E has three dots on her stomach on Monday evening. We keep her home from school and call the clinic in the morning, busy signal after busy signal. Everyone calls in the morning then waits for the doctor to come. E looks up at me, more red dots growing across her and I know it is chicken pox.
"Pop." She whispers. "Am I really sick?"
"You didn't do anything wrong." I answer. "It is good to get this now. You get chicken pox only once in your whole life."
She looks at me for a while.
"But I don't want to be sick again." She tells me, slumping onto her bed.
"You just don't want to take medicine." I say.
She nods once, and pulls the blankets over her head.
I cut her nails and take her temperature.
I make her a bacon, lettuce and tomato sandwich for lunch.
The doorbell rings. It is the same doctor, a young woman with rosy cheeks who speaks in a happy whisper. She pulls on a mask, wraps blue plastic booties over her muddy shoes and disinfects her hands. She was here a month ago. E likes her. She listens to E's heart and lungs. She looks at the back of her throat. She has E lift her shirt. E waits patiently on the edge of her bed.
The young doctor sits and writes on a half-sheet of paper.
"Vetryanka?" I ask her.
She nods yes.
"Ok, kiddo." I tell E. "You have chicken pox."
I call N, and hand the phone to the doctor. There is a flurry of directions to follow, that N will translate for me when I call her back. This dance of phones and translation is all too common now. I imagine trying to follow the doctor's wishes without her.
It is not necessary, but I hand five hundred rubles to her as she is about to leave. She pockets it, head bowing forward, whispering something I cannot understand.
"So, how long will I be out of school?" E asks me.
"If I am correct, ten to fifteen days at home." I say, looking out at the snow that has started to fall.
She makes a face.
"We'll make the best of it." I tell her. "And as soon as you have no fever, we can call your teacher and do some schoolwork at home."
"Ok." She says, her voice trailing off as she slumps back to bed.
N comes home with a special green medicine pen that the Russians use. She places a dot on every red bump. E winces at each one. N blows on them lightly, making a quiet sound. There is antihistamine to take before E goes to bed too.
After E falls asleep we sit in the kitchen drinking tea.
"So, what is the green for?" I ask.
"It helps dry them up." She says. "And it tells us which ones are new and which ones are old."
"That's smart." I say.
"And vetryanka, that is from the word for wind?" I ask. "Veter?"
"It lives in the wind." She says. "It jumps from person to person in the wind."
"That makes more sense than calling it chicken pox." I say. "But we need calamine."
"They did not have it." N tells me.
"This is really important for her face, so she does not scratch it." I say.
"We will find it." N says.
The next day, E is anxious. The dots are appearing by the minute across her face, her back. She runs to the hallway mirror to check herself all morning. I explain to her that she cannot itch them for the hundredth time.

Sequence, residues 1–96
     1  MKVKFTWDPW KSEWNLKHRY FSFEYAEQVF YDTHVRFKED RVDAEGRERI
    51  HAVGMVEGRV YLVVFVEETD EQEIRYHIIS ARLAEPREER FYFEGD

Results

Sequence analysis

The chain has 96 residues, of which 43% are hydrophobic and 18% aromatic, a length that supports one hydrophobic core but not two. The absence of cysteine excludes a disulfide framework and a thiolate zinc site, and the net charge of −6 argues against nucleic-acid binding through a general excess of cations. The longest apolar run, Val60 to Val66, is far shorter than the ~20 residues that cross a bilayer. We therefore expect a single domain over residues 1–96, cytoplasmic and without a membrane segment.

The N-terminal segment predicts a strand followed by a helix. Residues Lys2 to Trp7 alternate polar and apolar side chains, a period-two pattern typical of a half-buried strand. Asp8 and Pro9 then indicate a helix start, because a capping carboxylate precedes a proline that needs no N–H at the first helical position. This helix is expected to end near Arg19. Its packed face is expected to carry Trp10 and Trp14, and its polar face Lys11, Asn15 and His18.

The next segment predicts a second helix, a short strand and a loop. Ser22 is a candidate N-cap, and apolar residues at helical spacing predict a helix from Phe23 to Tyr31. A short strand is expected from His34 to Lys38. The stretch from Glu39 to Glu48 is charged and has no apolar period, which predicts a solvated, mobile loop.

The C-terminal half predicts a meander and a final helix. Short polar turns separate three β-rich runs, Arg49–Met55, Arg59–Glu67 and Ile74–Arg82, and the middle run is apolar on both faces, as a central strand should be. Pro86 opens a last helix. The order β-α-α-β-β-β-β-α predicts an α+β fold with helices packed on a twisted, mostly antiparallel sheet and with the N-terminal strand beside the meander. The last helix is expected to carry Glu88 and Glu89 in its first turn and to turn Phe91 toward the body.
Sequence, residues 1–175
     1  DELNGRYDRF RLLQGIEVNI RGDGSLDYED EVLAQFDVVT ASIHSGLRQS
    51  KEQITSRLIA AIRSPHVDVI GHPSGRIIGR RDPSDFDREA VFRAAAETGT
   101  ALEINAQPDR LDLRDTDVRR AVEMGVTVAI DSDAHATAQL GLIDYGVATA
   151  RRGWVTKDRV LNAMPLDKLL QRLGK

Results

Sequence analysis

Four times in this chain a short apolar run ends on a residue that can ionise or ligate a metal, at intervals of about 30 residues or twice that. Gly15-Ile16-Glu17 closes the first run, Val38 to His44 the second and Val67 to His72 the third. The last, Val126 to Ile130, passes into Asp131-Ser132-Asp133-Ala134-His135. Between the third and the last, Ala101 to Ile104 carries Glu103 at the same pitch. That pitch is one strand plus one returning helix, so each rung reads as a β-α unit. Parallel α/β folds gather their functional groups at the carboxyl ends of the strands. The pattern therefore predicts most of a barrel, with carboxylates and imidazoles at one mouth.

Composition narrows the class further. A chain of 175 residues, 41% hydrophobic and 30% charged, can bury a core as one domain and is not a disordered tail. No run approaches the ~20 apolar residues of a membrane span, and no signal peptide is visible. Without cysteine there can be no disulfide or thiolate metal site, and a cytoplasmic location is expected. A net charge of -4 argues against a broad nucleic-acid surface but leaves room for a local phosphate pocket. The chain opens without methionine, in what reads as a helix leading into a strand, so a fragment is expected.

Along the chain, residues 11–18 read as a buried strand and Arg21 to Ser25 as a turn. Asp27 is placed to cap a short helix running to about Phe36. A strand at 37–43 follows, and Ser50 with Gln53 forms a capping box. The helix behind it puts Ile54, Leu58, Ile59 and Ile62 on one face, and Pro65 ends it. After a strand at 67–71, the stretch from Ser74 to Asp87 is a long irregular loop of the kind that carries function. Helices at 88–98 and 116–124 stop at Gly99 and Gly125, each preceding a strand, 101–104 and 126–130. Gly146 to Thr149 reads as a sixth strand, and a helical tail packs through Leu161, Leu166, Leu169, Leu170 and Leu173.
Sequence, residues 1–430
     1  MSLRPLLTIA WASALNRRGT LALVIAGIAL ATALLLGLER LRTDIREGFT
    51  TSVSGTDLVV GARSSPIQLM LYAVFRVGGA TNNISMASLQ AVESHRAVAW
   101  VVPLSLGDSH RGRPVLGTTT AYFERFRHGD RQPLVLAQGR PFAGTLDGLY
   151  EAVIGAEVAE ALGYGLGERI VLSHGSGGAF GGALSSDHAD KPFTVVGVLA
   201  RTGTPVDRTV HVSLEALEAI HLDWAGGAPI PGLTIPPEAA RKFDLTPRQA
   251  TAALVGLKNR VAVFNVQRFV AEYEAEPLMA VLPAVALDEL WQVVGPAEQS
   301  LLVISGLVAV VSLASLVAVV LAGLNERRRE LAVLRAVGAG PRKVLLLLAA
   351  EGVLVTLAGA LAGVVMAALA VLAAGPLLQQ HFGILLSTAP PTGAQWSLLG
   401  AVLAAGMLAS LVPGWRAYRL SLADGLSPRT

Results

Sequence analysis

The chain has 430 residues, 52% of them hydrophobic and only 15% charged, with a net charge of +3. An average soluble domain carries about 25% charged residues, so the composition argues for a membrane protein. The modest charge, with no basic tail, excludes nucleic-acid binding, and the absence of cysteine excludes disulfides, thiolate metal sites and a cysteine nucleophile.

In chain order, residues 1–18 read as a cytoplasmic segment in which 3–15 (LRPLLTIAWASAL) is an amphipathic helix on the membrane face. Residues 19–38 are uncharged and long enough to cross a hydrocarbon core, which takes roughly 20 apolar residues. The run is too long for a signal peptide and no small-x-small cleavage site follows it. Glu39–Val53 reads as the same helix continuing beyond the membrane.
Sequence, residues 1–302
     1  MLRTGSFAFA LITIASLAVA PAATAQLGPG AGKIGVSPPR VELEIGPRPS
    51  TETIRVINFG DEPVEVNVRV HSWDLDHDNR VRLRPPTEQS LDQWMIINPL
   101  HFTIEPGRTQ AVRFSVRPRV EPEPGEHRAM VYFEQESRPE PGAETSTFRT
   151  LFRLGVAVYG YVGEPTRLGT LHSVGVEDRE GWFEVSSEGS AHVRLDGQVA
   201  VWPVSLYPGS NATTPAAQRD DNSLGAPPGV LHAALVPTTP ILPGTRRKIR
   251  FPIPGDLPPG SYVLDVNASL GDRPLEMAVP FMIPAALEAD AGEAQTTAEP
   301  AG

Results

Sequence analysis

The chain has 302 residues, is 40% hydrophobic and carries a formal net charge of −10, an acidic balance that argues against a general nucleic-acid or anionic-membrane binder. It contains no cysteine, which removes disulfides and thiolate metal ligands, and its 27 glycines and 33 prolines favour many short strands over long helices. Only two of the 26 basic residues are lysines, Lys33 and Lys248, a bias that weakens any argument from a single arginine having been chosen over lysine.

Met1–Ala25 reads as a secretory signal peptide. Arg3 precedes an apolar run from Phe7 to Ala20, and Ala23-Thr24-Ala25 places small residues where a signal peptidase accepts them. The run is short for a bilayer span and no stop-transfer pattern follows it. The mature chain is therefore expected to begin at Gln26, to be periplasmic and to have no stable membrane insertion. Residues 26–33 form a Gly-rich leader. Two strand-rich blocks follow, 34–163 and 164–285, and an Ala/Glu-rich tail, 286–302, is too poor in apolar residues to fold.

We build a lego house together.
I make lunch.
She is jumping around and crying, saying she cannot stop itching.
I make a bath, and pour baking soda into it.
"This will help a lot." I tell her. "But don't get your hair wet, you still have a little bit of a temperature."
She nods, with big eyes.
The pharmacy has no calamine. I go to another one on Kutuzovsky. Not there either. I go to a third one, explaining it is for vetryanka. The woman in the blue coat nods, she understands me. She looks in back. No, no calamine lotion. I ask if she knows where it can be found and she shrugs her shoulders.
Walking in the snow I am getting angry. I will not put green dots on her face. If she scratches this and ink gets into the red bump, this will be some kind of tattoo then. That is my thought, that the green will not go away, trapped under her skin.
At the next pharmacy the woman behind the counter looks more kind. I ask, she looks then says no. My face runs red as I tell her many children have chicken pox at the moment, that they should have medicine for it. She dismisses me.
I go to the last pharmacy in the neighborhood. The woman in the blue coat behind the counter says no, they do not have it. She does not even look in the back or the drawers of medicine behind her. She looks at me fiercely.
"And what am I supposed to do with a kid that has chicken pox?" I ask her.
She stares me, motionless.
"I don't know." She says.
"This is not right." I say to her.
She stares at the front door avoiding me, her lips curling over her teeth.
Somehow I do not knock over anything on my way out.
I feel helpless. I have not had this feeling for some time here. Maybe I can make a paste from baking soda, I tell myself.
I call N, venting and swearing about the women in blue coats.
"Give me an hour." She says. "I will find it."
Later, N comes home with a bottle of calamine. It is imported from Israel, and is more liquid than lotion. E is sleeping.
In the morning I will dip a q-tip in the bottle and paint E's face with dots of it. She will smile at me, her fever almost gone.